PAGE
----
Jerykk wrote on Mar 13, 2010, 21:36:
I think a lot of you guys are missing nin's point. He's not saying that Valve is responsible for Ubisoft's practices. He's saying that Valve (specifically Gabe) is being hypocritical because they criticize DRM on one hand while supporting the companies that use it.
nin wrote on Mar 13, 2010, 16:10:
I certainly will, if his lack of action on a system he's apart of allows other publishers to harm a market that he himself would be wise to support.
By allowing that shit on Steam, he's part of the problem.
nin wrote on Mar 13, 2010, 15:48:
If Gabe was serious, he'd tell UBI to take a hike. Steam refusing to do business with them on principle would gather a lot of attention.
Of course, he won't. He'll continue to use one hand to point and make people cheer for him, while keeping the other under the table to collect money from companies that sell their games on steam with additional, unwanted DRM.
Creston wrote on Mar 13, 2010, 14:48:
And plenty of customers are annoyed when a new game lasts five hours. So why is YOUR customer right vs my customer?
I'll agree that games that just make you travel through the same halls (ie, Halo) over and over again are just retarded. But there's nothing wrong with a game that lasts 20 hours and is 20 hours of great content.
Yet there seems to be a prevalence of people who complain that if a game is longer than ten hours "They will never finish it."
I'm not sure what else to call that apart from "no attention span."
StingingVelvet wrote on Mar 13, 2010, 12:05:
He didn't really miss the point, and you just repeated what he had a problem with:
"as a result, would prefer something shorter not longer"
Even if Mass Effect 2 takes you a year to complete that just means you got more awesome content that lasted you a long time. The only reason to want games to be shorter is if you don't really enjoy them enough to want to play them that long.
Creston wrote on Mar 12, 2010, 23:59:
Yeah, oh my God, imagine that! You'd have to play a game for a whole MONTH! What's the world coming to? Much better to just buy a new game every week and play that five hours, right?
This logic never ceases to amaze me. How something can be "too long" to be enjoyed.
Creston wrote on Mar 12, 2010, 22:05:
Because it's too complicated and lasts too long for the people that play games nowadays.
Yifes wrote on Feb 28, 2010, 14:54:
Doesn't the term RPG originate from PnP? If so, then it's reasonable to apply the features of PnP and Western RPGs to the definition of a RPG.
It always seemed to me that JRPGs are misnomer, and since then, the term RPG has only been misused more and more, with ever broadening definitions, so that it has lost most of its original meaning.
This is still ridiculously broad, with criteria open to wildly different interpretations. There are RPGs without adventure style stories (like some tactical RPGs which are just a series of missions), and there are multiplayer shooters with quest driven gameplay (ie. take this objective, get experience, level up). It seems like all you're doing is drawing arbitrary lines in the sand.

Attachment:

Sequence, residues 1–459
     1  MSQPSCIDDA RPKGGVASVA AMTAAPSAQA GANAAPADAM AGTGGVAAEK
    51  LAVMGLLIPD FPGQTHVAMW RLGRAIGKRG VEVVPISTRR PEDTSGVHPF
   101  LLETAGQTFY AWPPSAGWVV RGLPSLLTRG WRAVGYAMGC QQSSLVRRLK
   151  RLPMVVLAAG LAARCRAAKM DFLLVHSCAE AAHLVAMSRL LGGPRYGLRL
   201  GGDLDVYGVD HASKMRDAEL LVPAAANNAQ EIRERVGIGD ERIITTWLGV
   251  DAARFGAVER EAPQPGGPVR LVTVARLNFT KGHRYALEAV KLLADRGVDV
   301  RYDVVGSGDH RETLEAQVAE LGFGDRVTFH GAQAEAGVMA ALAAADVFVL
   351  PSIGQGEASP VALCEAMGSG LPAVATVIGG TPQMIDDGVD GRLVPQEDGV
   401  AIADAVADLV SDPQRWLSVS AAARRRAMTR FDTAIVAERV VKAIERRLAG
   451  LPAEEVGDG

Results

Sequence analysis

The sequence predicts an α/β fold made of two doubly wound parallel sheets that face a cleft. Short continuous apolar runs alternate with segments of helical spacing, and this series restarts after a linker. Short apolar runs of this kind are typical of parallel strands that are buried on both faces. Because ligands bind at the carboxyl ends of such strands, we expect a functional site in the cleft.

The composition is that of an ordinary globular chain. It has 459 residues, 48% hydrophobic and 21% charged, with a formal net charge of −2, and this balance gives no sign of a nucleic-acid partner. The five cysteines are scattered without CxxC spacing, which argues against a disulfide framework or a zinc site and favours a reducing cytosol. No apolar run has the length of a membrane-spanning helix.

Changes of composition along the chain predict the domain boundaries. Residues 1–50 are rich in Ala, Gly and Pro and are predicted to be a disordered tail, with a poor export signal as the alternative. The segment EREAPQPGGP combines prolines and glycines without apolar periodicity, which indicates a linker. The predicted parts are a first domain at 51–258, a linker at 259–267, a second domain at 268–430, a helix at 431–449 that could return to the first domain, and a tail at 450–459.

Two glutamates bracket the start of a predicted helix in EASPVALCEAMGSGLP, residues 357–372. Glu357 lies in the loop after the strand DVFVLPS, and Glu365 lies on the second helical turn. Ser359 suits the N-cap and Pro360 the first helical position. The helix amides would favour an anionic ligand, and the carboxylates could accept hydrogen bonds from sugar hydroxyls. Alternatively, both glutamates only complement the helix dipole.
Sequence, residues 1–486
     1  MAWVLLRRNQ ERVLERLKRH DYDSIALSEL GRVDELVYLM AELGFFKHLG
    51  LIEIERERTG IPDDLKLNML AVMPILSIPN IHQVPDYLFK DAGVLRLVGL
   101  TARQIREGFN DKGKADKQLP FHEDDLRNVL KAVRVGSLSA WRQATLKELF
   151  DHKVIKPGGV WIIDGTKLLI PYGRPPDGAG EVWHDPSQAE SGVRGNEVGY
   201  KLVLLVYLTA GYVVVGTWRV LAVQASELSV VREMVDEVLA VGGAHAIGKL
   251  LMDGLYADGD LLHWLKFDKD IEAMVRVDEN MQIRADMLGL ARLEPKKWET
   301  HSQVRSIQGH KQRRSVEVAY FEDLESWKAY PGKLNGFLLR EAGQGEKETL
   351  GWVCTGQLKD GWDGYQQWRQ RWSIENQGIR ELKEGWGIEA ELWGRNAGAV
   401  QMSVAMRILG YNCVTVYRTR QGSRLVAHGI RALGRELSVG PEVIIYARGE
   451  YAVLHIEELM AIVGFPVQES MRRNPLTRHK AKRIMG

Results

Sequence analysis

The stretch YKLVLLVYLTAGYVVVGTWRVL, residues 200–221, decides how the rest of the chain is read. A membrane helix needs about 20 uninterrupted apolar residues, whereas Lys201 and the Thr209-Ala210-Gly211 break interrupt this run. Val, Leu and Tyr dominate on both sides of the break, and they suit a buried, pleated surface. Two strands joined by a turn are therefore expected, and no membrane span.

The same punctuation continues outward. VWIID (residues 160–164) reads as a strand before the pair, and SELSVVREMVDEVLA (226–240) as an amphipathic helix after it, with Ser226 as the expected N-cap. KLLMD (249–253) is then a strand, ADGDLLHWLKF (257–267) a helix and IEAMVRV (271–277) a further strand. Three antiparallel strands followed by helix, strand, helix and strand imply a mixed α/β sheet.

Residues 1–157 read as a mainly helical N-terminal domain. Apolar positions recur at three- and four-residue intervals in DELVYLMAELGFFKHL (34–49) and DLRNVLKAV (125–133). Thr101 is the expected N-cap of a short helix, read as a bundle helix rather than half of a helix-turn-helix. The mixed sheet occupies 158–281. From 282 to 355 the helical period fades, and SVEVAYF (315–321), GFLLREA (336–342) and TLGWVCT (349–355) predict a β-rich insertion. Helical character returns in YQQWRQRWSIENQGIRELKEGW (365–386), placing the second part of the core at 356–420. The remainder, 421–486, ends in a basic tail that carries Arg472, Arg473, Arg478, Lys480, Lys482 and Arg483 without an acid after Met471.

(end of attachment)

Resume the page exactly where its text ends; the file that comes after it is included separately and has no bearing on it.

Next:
Parallax Abstraction wrote on Feb 28, 2010, 02:25:
I had a pretty spirited debate with a former industry person about this issue on Twitter tonight. He claims to know several major people at Blizzard and that they have told him StarCraft 2, Diablo 3 and any title that uses Battle.net 2.0 will make use of very similar DRM that will require you to be online all the time, even to play the single player portions of their games. He obviously wouldn't say who he knows so this isn't confirmed or anything but if that's true, expect this issue to become a way bigger stink than it even is now.
Jerykk wrote on Feb 28, 2010, 03:44:
As such, I think it's reasonable to use those traits to define the genre.
If a game doesn't give you any meaningful choices, it can't be a role-playing game.
The whole point of genres is to make it easier to classify games. If you use such broad definitions, there's no point in having genres at all. If an RPG is defined as any game that has leveling, that means CoD, BF, God of War and a host of other games are RPGs.
Jerykk wrote on Feb 28, 2010, 00:27:
Define "adventure game." To me, an adventure game is a completely linear, story-driven game that revolves around puzzle-solving and NPC conversation. While RPGs do have NPC conversations, they typically do not revolve around puzzle-solving, nor are they completely linear.
RPGs need to be open-ended because it is the genre that is defined by having the most choice.
An RPG should let you solve each situation in a manner of ways (though these typically boil down to violence, stealth or persuasion). It should also let you make high-level choices (otherwise known as moral choices) that have a greater impact on the story and the game world.